Tag Archive | safety

Cycle into Spring and Bike Safety


It’s springtime and even though no-one alerted the weather yet that it is spring but we have had a few good days for bike riding.  With warmer weather we have the ability to get the family outside more and one of my family’s favorite activities is bicycling. We have a membership to our local arboretum and love to take the kids there to tool around.  Cycling is the second most popular outdoor activity right after running for Americans.  Last year my husband and I splurged and bought ourselves new bikes, bike car seats for the kids, water bottle holders and even a bike rack.  What we did not buy were bicycle locks. But we are not alone, statistics show that 33 % of individuals do not lock their bikes up, and an unattended, unlocked bike is an easy target for thieves. 

So why don’t we lock up our bikes? Maybe we still like to believe that we live in a world where we can leave our front doors open to catch a breeze and kids can leave their bikes in front of the store to grab a cool drink on a summer day.  Sadly with 48% of people having had their bike stolen, or knowing someone who has, it just isn’t the case anymore.  Our bikes weren’t cheap, they weren’t racing bike expensive, but they were a little more expensive than the grocery store variety – enough to warrant protecting them from theft with a $26 bike lock.  Enter the

image 8195D Force Series ULock:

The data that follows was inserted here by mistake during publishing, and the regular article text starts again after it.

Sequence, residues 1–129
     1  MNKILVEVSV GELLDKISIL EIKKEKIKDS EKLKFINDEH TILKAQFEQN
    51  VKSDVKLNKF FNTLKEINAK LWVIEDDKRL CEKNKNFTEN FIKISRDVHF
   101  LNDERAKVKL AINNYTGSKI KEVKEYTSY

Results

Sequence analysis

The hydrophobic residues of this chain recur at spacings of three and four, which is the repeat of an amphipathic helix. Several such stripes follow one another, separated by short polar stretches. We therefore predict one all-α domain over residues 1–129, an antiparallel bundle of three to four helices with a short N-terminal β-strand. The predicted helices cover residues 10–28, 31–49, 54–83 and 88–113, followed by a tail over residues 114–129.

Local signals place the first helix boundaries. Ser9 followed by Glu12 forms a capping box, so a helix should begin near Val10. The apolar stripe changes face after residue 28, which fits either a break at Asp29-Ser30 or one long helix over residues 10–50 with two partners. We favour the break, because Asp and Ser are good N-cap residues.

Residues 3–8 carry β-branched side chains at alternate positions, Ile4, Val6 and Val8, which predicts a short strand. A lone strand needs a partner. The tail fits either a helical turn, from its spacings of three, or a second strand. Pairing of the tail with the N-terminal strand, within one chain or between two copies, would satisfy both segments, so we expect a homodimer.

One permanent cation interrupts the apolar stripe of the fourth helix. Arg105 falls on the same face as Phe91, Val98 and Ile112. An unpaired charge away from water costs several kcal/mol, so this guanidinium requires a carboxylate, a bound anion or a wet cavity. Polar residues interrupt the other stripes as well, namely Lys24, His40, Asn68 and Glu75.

• Force 3 standard U-lock
  • $1000 anti-theft guarantee
  • Sliding dust cover protects keyway from dirt and moisture.
  • Hardened steel body resists cutting, sawing and prying.
  • Double locking shackle withstands 3 tons (2.72 metric tons) of pull force.
  • Disc key for superior pick resistance.
  • Soft grip for comfortable use, weather and scratch resistance.
  • Carrier bracket included for convenient storage.

I have used this lock and it is quick simple, comes with a carrying bracket that mounts to your bike so there is no excuse to not have a lock with you.  You are more likely to lose your lock key than lose your bike to a thief with this lock.  The $1000 anti-theft guarantee assures you that these locks will provide security and peace of mind through many years of use. They have been engineered to provide you the highest level and most economical means possible to secure your property. It’s just another reason why Master Lock products offer street smart security.

Now that you are armed with your lock and your bike you are ready to set out, right? Well don’t forget basic bike safety.  Riding while wearing a helmet can reduce the risk of head injury by as much as 85%, so be sure to cover your noggin before you mount up and know that 3 hours of cycling a week can lower your risk for heart attack and stroke by 50% so get pedaling.

As for your bike be sure to check:

 imageDon’t own your own bike? No problem there are options for those who don’t own to simply rent, including a new online site Spinlistera marketplace that lets bike owners rent their bikes to travelers, cyclists, and locals looking to explore over 300 cities in 50 countries.

How it works:

-For bike owners, it’s easy to list a bike and earn cash. After filling out a few details, and submitting photos of your sweet chariot, within 24 to 48 hours (after we check for quality, price, and accuracy), your bike will be ready for rent.

-For bike renters, you have it easy too! Simply search by location, bike size, and type to get a list of available bikes near you. From there, you can request a rental from the bike’s owner and ask questions. Once the Lister approves your request, it’s a match made in bicycle heaven.